First Nations leaders are calling on the RCMP, media and the public to do more to help find two people who have gone missing from the Saik’uz First Nation over the past year.
Jay Preston Raphael, 28, and Chelsey Amanda Quaw (Heron), 29, were last seen at residences on the nation’s land, located about 85 kilometres west of Prince George, B.C., in February and October respectively.
In both cases, family and friends say their disappearance from the community, with an on-reserve population of about 400, is out of character and cause for concern.
“We are calling for more volunteers and resources to help increase search efforts,” Saik’uz First Nation Chief Priscilla Mueller and the advocacy group Highway of Tears Governing Body said in a joint statement Friday.
The organization was formed in 2006 in response to a series of cases of women and girls, many Indigenous, who had either gone missing or been killed along Highway 16 between Prince George and Prince Rupert. In total, more than 40 women and girls are associated with disappearances along the 700-kilometre stretch of highway.
The formation of the governing body was one of the 33 recommendations that came from the 2006 Highway of Tears Symposium Recommendations Report, which called for various measures to improve safety in the area.
But Mary Teegee, one of the governing body’s leaders, said the number of missing people shows that more still needs to be done.
“There seems to be little change in responsiveness,” she said. “We need to do better as a community to come together and find our missing loved ones.
“Support your community, support the families, and please help bring Jay and Chelsey home.”
Unusual not to be in touch
Police have put out missing person alerts for both Raphael and Quaw and is appealing to the public for information.
According to RCMP in Vanderhoof, about 15 kilometres northeast of Saik’uz, Raphael was last seen on Feb. 26 walking away from a residence in Saik’uz and has not been heard from since. He is described as being five feet nine inches and 143 pounds with black hair and brown eyes. Friends and family said it is unusual for him to not be in contact.
Similarly, Quaw is believed to have walked away from her father’s home in the early morning hours of Oct. 11 and never returned.
According to her aunt, Tamara DeLong, her dad “thought she was going out to have a cigarette and that she would come right back.”
Quaw is roughly five feet 10 inches tall, weighing 120 pounds, with brown hair and brown eyes.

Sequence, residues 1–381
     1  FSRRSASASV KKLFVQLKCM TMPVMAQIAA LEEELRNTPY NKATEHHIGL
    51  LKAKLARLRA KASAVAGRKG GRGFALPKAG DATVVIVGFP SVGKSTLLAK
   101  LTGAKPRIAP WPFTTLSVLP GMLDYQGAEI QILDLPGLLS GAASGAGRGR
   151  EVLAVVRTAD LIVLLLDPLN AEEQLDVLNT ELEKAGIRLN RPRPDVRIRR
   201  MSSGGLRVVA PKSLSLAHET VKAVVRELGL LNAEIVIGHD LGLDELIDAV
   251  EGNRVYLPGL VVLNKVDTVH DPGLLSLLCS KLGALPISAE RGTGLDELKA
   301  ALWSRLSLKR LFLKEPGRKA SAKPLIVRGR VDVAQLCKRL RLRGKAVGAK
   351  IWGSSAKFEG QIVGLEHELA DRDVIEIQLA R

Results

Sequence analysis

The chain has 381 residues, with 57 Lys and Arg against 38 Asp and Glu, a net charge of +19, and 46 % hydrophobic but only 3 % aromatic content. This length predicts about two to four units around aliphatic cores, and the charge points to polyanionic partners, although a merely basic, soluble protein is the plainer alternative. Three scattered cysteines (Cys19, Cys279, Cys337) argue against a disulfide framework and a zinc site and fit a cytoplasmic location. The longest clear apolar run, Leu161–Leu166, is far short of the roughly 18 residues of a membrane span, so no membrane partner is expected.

Both cases are still considered missing persons, said B.C. RCMP Staff Sgt. Kris Clark — who is based in Surrey and speaks on behalf of the provincial force — in a written statement to CBC News. If any evidence were to come forward indicating the need for a criminal investigation, attention would shift to “finding those responsible without delay.”
“At this time, the investigations for both Chelsey and Jay continue to be for missing persons, with the ultimate goal of finding them safely,” he said.
Clark also said “while Indigenous people have historically been over-represented amongst missing persons,” RCMP are dedicated to finding people who disappear “regardless of their race or gender” and the Vanderhoof detachment has been “continuously engaging external partners and following up on all investigative leads, while also keeping the family updated with regards to the search.”
Anyone with information in either case is asked to contact Vanderhoof RCMP at 250-567-2222 or Crime Stoppers at 1-800-222-8477(TIPS).
‘Chelsea is very loved’
In an interview with CBC News, Quaw’s mother described her daughter as an “independent, educated and hard-working woman. She’s loving and caring.”
“Chelsea is very loved,” said Pam Heron.
She said her daughter would usually respond within hours of getting a phone call or text message, so not hearing from her for weeks is really concerning.
Heron is worried her daughter has been stereotyped as a troubled Indigenous girl and said she doesn’t think the RCMP treated her disappearance with enough urgency when she was first reported missing.
“She worked hard. She worked at a mill. She was very educated,” Heron said.
Community gathering held
Speaking at a community gathering held Friday afternoon, Mueller said she feels the local RCMP detachment has done all it can. However, the chief and council are asking for more resources from other regions, as well as the province.
Kayla Mitchell, deputy chief of the neighbouring Witset First Nation, also said more needs to be done.
“Our lost loved ones do not get the media coverage or justice support they deserve,” Mitchell said in a statement of support released Friday.
Charity West, a member of the Kwadacha Nation who recently walked across Canada to raise awareness about missing and murdered Indigenous women, girls and men, said she often heard the same sentiment from Indigenous people across the country.
“Policing agencies are failing us,” West said. “They are failing us. The media’s failing us too. They do not give us the coverage we need.”